Rosh Chodesh Cheshvan this week was filled with both mar and matok, of bitter and sweet, for our Jewish world. On Wednesday afternoon I was shocked to find a message that Rabbi Judith Z. Abrams, one of the g’dolot (great ones), a wonderful rabbi and amazing Talmud teacher and author of this generation, had died unexpectedly at the age of 56. Rabbi Abrams was a Talmud scholar, the founder of Maqom a Houston-based school for Adult Talmud study (www.maqom.com), and the author of more than 20 books. She was also a beautiful soul, a loving wife and mother of three, and a gifted teacher to many, many students. She created a path to the study of Talmud for many men and women who would not have otherwise found a way into this very rich and challenging material. Maqom enabled Jews from all streams of Judaism to swim in the sea of Talmud. From the early days of the internet Rabbi Abrams sent out email digests and class materials to Jews around the world, and in later years her online classes and podcasts enlightened many with her love of Talmud. In person she was witty, passionate, and always engaging. I feel privileged to have had the opportunity to learn from her.

Upon hearing the news of her death, one of her fellow teachers asked: How would Rabbi Abrams, z”l want us to respond to her death -- to the sudden death of a Talmud scholar in the prime of her life? She would have wanted us to study Talmud. This is after all, how we traditionally honor great scholars, by studying a piece of text that they have taught us, and teaching it to others b’shem omrah (in her name). One of the passages I remember learning from Rabbi Abrams is from Tractate Berachot, and the teaching is that we say berachot, blessings, for everything that is part of life, the bitter along with the sweet. She explains that even in the moments when we don’t understand and feel the least connected to God and community, the sages teach that we acknowledge God’s presence with us, that is understood only within the totality of creation. Friday morning, Rosh Hodesh Cheshvan, was Rabbi Judith Z. Abrams’ levayah, her funeral.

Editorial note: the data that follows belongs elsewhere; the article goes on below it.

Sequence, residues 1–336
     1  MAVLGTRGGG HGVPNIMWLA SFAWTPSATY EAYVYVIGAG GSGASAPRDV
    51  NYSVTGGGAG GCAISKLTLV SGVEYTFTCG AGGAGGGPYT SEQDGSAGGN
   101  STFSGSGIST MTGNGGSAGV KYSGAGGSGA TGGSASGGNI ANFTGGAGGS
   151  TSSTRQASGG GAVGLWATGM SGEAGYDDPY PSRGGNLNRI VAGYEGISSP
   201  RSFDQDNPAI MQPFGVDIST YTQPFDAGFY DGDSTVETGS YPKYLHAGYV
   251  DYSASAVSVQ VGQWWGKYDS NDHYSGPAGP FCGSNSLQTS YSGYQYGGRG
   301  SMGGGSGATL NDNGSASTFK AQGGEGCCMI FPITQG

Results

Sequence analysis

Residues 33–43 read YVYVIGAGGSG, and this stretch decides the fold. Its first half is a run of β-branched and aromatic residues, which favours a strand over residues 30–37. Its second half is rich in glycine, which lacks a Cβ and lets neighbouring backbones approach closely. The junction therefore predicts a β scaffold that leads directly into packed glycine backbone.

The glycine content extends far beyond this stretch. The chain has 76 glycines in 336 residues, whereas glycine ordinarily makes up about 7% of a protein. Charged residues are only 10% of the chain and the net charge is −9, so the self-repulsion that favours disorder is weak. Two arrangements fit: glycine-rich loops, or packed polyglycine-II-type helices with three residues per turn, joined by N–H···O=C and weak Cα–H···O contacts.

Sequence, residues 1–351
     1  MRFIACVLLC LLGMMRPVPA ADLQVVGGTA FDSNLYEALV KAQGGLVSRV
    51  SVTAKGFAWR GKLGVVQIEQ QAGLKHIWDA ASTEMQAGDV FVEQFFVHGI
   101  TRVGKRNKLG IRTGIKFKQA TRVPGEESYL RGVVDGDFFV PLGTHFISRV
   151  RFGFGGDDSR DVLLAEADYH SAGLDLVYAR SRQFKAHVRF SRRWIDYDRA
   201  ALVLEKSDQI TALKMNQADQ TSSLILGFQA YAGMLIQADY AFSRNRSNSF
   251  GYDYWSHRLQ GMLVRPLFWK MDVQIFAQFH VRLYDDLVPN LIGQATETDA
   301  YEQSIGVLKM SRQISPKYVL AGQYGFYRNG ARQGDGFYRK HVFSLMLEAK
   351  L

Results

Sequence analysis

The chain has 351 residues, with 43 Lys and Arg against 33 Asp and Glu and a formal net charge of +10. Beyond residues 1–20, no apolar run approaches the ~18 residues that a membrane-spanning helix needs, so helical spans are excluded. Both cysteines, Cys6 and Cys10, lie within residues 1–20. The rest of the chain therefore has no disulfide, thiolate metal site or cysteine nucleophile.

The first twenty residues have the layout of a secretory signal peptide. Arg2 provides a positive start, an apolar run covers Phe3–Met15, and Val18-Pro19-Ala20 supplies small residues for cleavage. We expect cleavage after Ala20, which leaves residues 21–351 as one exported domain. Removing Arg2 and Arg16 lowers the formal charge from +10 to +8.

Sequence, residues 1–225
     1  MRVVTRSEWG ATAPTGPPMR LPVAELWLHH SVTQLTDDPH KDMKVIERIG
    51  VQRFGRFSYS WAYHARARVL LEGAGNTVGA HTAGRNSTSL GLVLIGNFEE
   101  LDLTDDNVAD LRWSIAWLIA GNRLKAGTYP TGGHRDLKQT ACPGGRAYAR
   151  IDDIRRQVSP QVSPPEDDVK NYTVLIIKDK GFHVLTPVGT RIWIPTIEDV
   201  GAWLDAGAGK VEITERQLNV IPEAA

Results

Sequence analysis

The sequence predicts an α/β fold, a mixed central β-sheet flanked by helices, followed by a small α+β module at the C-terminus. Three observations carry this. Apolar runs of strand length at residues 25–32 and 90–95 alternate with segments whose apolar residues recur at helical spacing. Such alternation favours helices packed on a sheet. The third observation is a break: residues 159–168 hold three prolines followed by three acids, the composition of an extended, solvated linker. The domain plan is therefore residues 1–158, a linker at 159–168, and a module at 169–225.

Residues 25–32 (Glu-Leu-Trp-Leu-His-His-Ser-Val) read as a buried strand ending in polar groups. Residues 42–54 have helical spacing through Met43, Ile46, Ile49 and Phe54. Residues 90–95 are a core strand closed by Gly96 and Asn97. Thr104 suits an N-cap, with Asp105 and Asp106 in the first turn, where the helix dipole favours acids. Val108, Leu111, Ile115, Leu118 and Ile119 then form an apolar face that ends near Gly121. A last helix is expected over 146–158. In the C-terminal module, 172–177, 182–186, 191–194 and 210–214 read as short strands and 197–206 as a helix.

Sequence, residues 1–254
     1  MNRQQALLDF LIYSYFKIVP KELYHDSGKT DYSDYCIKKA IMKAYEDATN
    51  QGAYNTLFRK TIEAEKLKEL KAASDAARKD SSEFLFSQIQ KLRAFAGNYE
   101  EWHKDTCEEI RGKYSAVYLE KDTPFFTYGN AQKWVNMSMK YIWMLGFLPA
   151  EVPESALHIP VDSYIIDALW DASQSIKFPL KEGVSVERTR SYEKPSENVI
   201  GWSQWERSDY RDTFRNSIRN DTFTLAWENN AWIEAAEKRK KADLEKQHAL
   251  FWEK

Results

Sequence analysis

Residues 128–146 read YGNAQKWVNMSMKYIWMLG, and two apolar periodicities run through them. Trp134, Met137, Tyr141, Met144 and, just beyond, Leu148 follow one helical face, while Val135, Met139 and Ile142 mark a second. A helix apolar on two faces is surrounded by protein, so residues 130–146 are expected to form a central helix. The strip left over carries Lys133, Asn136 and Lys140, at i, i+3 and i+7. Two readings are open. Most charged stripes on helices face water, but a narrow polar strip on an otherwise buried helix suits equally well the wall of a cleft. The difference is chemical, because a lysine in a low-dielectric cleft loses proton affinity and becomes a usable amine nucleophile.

And then, inexplicably, this Friday morning, Rosh Hodesh Cheshvan was also full of matok, of incredible sweetness. I woke to the news that Women of the Wall had celebrated Rosh Hodesh Cheshvan with a bat mitzvah and an actual Torah reading at the Kotel! Anat Hoffman, leader of Women of the Wall, had promised Sasha Lutt, the 12 year old bat mitzvah girl that she would read from an actual Sefer Torah scroll for her bat mitzvah. Sasha, and her mother Irina, who emigrated from Russia to Israel when Sasha was just a baby, celebrated with friends and family as she chanted beautifully from the Torah on Rosh Hodesh morning. The path to reading from a Sefer Torah at the Kotel has been fraught with difficulty. Despite the fact that in April 2013, the Jerusalem District court ruled that women have the right to pray freely according to their tradition, Women of the Wall has found this to be impossible. After the Justice Moshe Sobel’s 2013 decision, Rabbi Shmuel Rabinowitz, head of the Western Wall Heritage Foundation created regulations that forbid anyone from bringing in a Torah scroll to the Kotel. And despite the fact that there are 300 Torah scrolls stored in the men’s section at the Kotel for use during prayer services, and bar mitzvah services, Women of the Wall have been denied use of these scrolls.

On Friday morning, Women of the Wall, tried again to enter the Mughrabi gate at the entrance to the Western Wall plaza, while carrying their Torah scroll. They were stopped by security guards and police. After a long and loud discussion, they reluctantly entered the Kotel plaza without their Torah scroll. But during the prayers, the women brought out a tiny Torah scroll that they had smuggled in for the reading. And Sasha triumphantly read from this 28 centimeter scroll for her bat mitzvah at the Kotel. The scroll is certified kosher by an Orthodox sofer. It belongs to the family of John and Noeleen Cohen from London. In 1880 John Cohen’s great grandfather carried it with him from Lithuania to South Africa and then to London.

And so, this Cheshvan, we are grateful for Rabbi Abrams’ life and her teachings, and we are grateful for Sasha Lutt’s bat mitzvah at the Kotel. Two Jewish women who have inspired the Jewish future immeasurably. Yashar Kochechen! May we go from strength to strength.


 Rabbi Audrey S. Pollack